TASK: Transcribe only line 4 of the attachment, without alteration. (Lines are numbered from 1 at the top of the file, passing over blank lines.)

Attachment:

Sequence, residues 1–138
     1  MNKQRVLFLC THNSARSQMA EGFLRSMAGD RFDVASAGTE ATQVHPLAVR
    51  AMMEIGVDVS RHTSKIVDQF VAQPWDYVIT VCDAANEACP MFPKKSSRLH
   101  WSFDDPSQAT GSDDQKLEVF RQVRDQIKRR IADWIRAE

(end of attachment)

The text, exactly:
   101  WSFDDPSQAT GSDDQKLEVF RQVRDQIKRR IADWIRAE